Turkey's president describes Dutch as 'Nazi remnants' amid rally row

Credit: AP

A diplomatic row over a cancelled Turkish rally in the Netherlands has escalated after Turkey's president branded the Dutch "Nazi remnants" and "fascists".

Recep Tayyip Erdogan made the inflammatory comments after permission for his foreign minister's plane to land in the Netherlands was withdrawn.

Foreign Minister Mevlut Cavusoglu was originally scheduled to attend the to drum up support for the president's plans for extended powers, which are due to be put to a referendum next month.

But the rally was banned by Rotterdam city authorities.

Turkey's President branded the Dutch as 'Nazi remnants' as he addressed supporters in Istanbul. Credit: PA

Addressing a rally in Istanbul on Saturday, Mr Erdogan said of the Dutch: "They do not know politics or international diplomacy.

"You can stop our foreign minister's plane all you want, let's see how your planes will come to Turkey from now on.

  • Dutch PM: Erdogan's remarks "way out of line"

Dutch Prime Minister Mark Rutte said it was important to retain good relations with Turkey. Credit: AP

Dutch Prime Minister Mark Rutte said he understood Turkey's anger, but Mr Erdogan's remarks were "crazy and "way out of line".

Mr Rutte also insisted that it was important to keep good relations with Turkey.

"We will do everything to keep the relations with Turkey as good as possible, as strong as possible," Mr Rutte said.

Riot police outside The Netherlands' Consulate in Istanbul. Credit: AP

Just hours later, Turkey's Family Affairs Minister was blocked by Dutch police from entering the Turkish consulate in Rotterdam.

Fatma Betual Sayan had been in Germany on Saturday, but travelled to The Netherlands by road.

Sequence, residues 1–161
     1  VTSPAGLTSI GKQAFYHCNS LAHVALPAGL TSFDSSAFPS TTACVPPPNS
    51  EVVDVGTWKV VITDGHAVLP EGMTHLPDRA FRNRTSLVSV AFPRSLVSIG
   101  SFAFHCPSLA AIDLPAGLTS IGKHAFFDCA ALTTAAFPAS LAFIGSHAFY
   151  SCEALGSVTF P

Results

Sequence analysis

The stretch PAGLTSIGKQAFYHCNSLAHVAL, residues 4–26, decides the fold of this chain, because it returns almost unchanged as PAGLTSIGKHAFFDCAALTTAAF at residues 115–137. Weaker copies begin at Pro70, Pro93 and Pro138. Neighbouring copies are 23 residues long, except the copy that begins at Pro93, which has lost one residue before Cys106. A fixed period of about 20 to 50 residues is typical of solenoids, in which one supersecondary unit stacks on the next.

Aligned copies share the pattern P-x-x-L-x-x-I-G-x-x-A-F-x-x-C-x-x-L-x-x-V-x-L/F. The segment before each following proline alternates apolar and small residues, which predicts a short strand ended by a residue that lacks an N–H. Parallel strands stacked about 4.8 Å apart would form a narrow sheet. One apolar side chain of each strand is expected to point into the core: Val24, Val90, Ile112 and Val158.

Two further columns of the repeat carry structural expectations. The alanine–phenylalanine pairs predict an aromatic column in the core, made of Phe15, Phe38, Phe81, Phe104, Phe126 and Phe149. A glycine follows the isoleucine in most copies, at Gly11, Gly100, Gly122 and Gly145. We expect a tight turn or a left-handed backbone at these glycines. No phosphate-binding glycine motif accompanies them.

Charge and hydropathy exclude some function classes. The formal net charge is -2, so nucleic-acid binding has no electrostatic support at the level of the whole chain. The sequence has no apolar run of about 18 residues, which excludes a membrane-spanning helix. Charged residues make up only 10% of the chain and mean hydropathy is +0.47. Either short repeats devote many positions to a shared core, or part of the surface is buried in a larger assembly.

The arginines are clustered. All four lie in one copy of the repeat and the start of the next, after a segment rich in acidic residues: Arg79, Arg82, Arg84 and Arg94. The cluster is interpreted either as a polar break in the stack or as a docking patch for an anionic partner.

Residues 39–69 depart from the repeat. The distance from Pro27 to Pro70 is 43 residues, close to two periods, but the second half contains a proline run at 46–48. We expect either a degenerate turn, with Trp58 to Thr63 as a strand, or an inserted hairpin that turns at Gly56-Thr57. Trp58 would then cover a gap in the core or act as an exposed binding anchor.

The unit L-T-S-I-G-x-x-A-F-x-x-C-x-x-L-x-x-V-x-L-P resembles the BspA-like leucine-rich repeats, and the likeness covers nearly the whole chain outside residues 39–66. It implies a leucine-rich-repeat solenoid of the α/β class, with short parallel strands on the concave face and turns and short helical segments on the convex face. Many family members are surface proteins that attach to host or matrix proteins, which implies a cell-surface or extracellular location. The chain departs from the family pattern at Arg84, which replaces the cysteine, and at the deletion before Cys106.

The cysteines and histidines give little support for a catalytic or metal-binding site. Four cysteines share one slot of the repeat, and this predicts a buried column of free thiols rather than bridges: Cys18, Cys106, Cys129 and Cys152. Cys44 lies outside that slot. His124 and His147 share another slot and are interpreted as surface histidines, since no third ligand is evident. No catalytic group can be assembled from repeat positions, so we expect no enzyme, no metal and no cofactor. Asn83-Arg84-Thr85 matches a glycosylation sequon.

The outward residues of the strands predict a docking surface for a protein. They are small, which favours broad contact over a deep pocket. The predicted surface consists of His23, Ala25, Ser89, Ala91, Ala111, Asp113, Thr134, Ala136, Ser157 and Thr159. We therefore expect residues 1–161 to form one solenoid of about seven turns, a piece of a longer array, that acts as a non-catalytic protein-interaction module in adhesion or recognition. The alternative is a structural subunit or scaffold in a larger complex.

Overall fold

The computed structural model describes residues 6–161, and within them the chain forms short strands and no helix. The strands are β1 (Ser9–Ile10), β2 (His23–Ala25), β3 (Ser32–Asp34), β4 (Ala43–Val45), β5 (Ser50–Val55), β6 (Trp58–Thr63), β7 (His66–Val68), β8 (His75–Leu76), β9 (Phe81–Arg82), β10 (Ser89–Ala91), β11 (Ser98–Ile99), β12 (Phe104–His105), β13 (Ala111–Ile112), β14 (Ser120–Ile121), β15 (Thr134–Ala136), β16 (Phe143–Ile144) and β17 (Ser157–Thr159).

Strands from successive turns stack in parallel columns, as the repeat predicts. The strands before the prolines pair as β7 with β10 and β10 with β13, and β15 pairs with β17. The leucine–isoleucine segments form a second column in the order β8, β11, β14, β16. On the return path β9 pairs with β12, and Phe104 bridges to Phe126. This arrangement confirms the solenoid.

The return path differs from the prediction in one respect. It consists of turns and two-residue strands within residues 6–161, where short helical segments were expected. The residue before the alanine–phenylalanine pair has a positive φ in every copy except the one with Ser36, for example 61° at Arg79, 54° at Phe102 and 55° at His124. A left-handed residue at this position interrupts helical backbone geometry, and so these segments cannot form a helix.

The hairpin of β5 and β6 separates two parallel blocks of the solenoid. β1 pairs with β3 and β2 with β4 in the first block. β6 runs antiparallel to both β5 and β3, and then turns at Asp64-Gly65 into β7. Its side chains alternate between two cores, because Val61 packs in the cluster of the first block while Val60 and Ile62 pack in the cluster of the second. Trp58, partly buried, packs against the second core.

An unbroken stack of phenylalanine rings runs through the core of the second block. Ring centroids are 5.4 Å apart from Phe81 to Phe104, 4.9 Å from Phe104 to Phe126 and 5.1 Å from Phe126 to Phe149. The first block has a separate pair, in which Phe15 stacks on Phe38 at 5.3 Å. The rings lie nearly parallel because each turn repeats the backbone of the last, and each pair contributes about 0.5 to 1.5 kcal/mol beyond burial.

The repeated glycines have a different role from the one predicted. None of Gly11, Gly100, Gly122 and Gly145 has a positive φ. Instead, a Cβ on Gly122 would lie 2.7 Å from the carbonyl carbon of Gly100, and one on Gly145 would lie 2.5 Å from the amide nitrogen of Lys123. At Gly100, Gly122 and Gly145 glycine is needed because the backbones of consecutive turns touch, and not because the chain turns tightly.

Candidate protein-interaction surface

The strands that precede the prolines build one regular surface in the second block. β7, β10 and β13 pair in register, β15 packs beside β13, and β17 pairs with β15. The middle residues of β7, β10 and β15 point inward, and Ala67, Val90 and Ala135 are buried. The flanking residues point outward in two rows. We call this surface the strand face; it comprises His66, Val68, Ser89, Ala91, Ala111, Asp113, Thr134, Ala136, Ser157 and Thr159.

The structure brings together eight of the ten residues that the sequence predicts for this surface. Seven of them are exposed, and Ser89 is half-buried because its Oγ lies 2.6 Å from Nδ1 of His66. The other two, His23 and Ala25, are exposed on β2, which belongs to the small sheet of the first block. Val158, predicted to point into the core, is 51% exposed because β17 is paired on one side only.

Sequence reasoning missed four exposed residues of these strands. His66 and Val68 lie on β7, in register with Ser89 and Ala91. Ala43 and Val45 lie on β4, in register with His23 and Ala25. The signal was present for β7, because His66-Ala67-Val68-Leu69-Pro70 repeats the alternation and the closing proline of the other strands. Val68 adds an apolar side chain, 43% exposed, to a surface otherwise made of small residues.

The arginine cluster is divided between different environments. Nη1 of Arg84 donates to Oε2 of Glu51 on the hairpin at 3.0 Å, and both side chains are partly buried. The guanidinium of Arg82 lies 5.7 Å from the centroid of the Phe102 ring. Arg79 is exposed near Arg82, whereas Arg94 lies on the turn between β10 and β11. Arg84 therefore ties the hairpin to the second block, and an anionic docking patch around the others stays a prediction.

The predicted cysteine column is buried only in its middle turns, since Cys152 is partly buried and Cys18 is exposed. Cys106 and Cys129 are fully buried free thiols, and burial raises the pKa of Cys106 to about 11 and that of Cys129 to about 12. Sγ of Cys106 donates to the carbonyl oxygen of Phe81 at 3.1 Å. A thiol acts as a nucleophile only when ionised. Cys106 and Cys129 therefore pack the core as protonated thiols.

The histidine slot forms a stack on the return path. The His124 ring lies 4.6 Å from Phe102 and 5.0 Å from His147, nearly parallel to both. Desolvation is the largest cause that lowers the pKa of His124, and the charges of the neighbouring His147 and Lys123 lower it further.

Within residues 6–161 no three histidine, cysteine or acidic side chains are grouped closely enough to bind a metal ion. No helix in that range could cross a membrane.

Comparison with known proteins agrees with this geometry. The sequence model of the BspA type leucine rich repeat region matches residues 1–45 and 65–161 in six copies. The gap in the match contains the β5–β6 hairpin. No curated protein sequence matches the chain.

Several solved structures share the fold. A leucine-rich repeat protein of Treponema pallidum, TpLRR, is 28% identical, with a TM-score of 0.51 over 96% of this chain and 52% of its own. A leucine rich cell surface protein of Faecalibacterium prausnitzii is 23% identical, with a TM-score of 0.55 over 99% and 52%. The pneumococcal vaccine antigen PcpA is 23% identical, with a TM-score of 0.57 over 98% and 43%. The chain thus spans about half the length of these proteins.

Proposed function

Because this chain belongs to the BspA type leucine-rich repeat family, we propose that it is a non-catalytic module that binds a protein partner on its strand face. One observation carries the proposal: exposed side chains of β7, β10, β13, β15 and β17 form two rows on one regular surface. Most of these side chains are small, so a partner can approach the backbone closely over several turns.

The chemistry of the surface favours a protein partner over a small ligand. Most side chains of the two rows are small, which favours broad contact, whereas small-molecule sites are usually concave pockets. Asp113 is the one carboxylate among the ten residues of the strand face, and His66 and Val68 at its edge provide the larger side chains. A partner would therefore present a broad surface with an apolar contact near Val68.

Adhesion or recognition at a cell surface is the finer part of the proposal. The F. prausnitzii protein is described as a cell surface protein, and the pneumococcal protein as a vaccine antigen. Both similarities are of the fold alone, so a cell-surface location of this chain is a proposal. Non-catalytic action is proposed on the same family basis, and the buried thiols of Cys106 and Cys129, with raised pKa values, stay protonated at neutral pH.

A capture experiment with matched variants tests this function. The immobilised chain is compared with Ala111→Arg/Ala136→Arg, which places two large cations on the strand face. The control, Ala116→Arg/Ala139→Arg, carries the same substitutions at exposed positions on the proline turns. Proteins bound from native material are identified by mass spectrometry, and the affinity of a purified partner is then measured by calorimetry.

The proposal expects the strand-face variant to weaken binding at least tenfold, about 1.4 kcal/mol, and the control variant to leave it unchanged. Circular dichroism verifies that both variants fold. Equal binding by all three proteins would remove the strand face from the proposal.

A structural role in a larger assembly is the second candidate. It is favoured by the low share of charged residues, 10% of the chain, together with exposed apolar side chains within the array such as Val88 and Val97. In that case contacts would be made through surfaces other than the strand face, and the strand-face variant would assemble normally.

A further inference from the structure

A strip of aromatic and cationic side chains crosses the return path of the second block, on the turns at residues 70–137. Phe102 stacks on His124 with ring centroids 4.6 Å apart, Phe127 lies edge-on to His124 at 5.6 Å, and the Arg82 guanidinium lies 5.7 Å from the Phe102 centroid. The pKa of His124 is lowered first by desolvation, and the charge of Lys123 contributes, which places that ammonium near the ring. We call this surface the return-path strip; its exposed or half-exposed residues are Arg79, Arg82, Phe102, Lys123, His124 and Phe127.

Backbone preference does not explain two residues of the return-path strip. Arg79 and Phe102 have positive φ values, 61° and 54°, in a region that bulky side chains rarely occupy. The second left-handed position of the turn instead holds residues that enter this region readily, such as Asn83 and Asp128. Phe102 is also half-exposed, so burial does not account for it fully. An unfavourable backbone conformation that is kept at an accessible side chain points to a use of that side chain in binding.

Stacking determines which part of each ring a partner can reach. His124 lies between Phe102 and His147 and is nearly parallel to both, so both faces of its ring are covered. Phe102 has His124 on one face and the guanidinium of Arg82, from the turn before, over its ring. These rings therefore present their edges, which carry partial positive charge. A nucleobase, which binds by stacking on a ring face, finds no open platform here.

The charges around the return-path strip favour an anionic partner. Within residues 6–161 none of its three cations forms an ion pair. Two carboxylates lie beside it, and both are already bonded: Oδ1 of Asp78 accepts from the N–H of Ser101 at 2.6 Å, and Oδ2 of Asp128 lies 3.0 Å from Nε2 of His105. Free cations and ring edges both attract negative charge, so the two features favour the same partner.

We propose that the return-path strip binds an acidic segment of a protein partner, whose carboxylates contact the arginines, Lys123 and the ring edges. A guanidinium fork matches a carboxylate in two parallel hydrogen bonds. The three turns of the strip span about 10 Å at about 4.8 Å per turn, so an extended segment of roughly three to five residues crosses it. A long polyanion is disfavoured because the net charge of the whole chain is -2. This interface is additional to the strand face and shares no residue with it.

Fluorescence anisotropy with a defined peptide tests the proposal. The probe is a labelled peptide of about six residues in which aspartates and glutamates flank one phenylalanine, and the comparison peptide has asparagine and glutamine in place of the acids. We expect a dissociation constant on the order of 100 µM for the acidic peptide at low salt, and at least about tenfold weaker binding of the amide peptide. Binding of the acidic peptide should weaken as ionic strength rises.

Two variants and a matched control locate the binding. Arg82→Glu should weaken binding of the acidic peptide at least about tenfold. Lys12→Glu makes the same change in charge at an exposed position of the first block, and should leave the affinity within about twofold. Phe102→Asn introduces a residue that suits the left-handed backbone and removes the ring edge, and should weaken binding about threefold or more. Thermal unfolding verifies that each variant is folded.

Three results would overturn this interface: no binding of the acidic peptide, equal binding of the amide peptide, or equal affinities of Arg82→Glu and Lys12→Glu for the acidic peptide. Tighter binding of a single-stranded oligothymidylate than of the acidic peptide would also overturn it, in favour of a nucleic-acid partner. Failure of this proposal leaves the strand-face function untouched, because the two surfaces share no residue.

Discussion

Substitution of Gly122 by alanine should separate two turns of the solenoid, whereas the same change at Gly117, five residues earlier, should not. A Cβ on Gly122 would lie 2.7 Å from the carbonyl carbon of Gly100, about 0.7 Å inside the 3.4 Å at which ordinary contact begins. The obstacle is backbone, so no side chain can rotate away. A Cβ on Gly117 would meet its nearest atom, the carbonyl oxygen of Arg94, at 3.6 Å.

She was later detained and declared an "undesirable alien" by the Dutch authorities, and they said she would be given an escort to the German border.

Around 100 people marched in Istanbul on Saturday afternoon to protest against The Netherland's decision.

The demonstrators laid a black wreath in front of the Dutch Consulate amid a heavy police presence.

The pro-government group said in a statement: "Today we see the Dutch government making decisions that hurt the Turkish nation."

Emphasising freedom of assembly and expression, the group continued: "Netherlands has made big mistakes towards Turkey's ministers in terms of democratic rights and freedoms."

The group chanted "God is Great" and other slogans before dispersing.

Supporters of President Erdogan walk to the Dutch consulate in Istanbul. Credit: AP

In response, Turkish authorities sealed off the Dutch embassy and consulate, and closed off the residences of the Dutch ambassador, charge d'affaires and consul general as tensions between the two countries escalated.

Turkey's Foreign Ministry also said it does not want the Dutch ambassador to the country, who is on leave, to return to Ankara "for some time".

The Netherlands and Turkey are NATO allies and, through the European Union, it also has a major agreement with Ankara on migration flows.

The Dutch government has said it does not object to meetings in the Netherlands to give information about the Turkish referendum "but these meetings should not add to tensions in our society".

A statement said: "Everybody who wants to organise a meeting must adhere to instructions from authorities so that public order and security can be guaranteed."

The Turkish government "does not want to respect the rules in this matter," it added.

Turkey's Foreign Minister Mevlut Cavusoglu. Credit: AP

Earlier, in an interview with private broadcaster CNN Turk, Mr Cavusogluhad said he would fly to Rotterdam anyway.

He said the Dutch government's decision to deny his plane landing permission "is a scandal in every way and cannot be accepted."

Cavusoglu, speaking at Istanbul's airport, he said: "So they cancelled it due to security concerns, what, so is the minister a terrorist?"

The minister added: "We will give them the response they deserve."

He had also warned that Turkey would impose heavy sanctions if his visit were blocked.

Several other European cities including Germany also banned similar meetings to be attended by Turkish officials.

Kemal Kilicdaroglu, leader of Turkey's main opposition party, also criticised the Dutch decision, saying: "This is not correct."

"Those who defend democracy would not do such things. You'll call yourself a democrat and then not permit the flight of a minister of the Turkish Republic?"